The attraction of multi-megapixel chips is great, but many common telescope designs cannot give a high quality image over the entire area of a large CCD. This is especially true of the popular 'SCT' instruments and many camera users have been disillusioned by the poor star images that tend to appear at the edges of their images. A normal SCT has a high focal ratio of around F10 and this is generally too large for deep sky imaging, unless you intend to specialise in small, bright objects like planetary nebulae. Because of this, I recommend that a focal reducer should be used, but avoid reducing below about F5 if you want to keep a reasonably flat field across your CCD. At F5, acceptable results can be achieved with CCDs up to about 2/3 inch format (such as the SXVF-H9), but this is very much the limit. To cover a larger chip, you must consider purchasing an Astrograph of some description, such as a well-corrected refractor or a flat-field reflecting design. One of the best available is the Takahashi FSQ106 and this will cover any of our CCDs with pinpoint stars, but there are many cheaper options with very good performance. Another popular option is to convert your SCT into a very fast (F2) imaging platform by replacing the secondary mirror with a 'Hyperstar' lens from 'Starizona'. These lenses will cover an SXVF-M25C chip and offer an extremely fast imaging system. The low profile and symmetrical body design of the SXVF cameras is ideal for these on-axis optical systems. Here is a summary of suggested cameras for different telescopes:

  • Standard SCT with focal reducer (F5): SXVF-M5, M5C, H5, M7, M7C - possibly SXVF-H9, H9C and M9. Limited by field curvature and vignetting.
  • SCT with Hyperstar (F2): All cameras up to SXVF-M25C - it is well suited to small pixel cameras (M8C, H9, H9C)
  • Highly corrected refractor (F5): All SXVF cameras. Some types may need extra optics to cover the largest chips (e.g. Sky90)
  • ED glass refractor (F5): Most SXVF cameras, but limited by UV and IR colour error (fringe filters may be needed). Field curvature can limit the CCD size, so check the specifications.
  • Astrographs (e.g. R/C and Epsilon): Most SXVF cameras (some may not cover the H35 or H36).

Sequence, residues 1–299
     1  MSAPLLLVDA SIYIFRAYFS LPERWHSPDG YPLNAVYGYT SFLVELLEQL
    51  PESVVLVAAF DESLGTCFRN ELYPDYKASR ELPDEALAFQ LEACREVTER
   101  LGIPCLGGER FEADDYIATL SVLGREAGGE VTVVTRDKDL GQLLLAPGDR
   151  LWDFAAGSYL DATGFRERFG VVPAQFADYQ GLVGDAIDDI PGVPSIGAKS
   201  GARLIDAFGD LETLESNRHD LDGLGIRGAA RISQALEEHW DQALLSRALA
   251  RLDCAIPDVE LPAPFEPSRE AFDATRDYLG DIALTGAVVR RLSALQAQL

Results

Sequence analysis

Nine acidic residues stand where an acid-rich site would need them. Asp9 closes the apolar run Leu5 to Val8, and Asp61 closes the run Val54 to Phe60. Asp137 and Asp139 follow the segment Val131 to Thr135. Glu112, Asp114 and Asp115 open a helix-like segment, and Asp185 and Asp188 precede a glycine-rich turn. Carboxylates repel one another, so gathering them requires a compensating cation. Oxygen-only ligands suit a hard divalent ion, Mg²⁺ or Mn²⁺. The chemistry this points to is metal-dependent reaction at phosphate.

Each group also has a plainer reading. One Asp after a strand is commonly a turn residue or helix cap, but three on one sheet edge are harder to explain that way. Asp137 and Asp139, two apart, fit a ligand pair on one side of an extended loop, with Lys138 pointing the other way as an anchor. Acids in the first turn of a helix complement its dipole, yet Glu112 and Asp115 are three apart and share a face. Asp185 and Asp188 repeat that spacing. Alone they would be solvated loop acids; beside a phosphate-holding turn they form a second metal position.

3) My mount will not track very well - what options do I have?

Most telescope mounts will not track well for more that one or two minutes and so a guide camera may be a valuable accessory for you. The problem may be overcome by simply taking many short exposures and stacking the results together, but this is not practical at long focal lengths. Some SX cameras permit you to use 'STAR2000' guiding, where the CCD image is composed of two successive exposures, one for odd-numbered lines and a second for the even-numbered ones. During these exposures, the other lines are used for guiding the telescope and so you can guide on the object being imaged, without a guide camera being required. This works well, but you will effectively halve the camera sensitivity and so you may not want to make this sacrifice. If this is the case, then the SXV guide camera offers you a good solution. This tiny, but sensitive camera, as small as a 1.25" eyepiece, connects directly to the main camera for control and will work with any small guide 'scope or off-axis assembly. In cases where you want to guide another camera, such as a DSLR, then our 'Lodestar' USB2 controlled guider offers you a tiny but powerful option.

If you want to guide at a long focal length, then a simple guide camera may not be enough for good results. In this case, you might consider purchasing one of our AO units for high-speed precision guiding.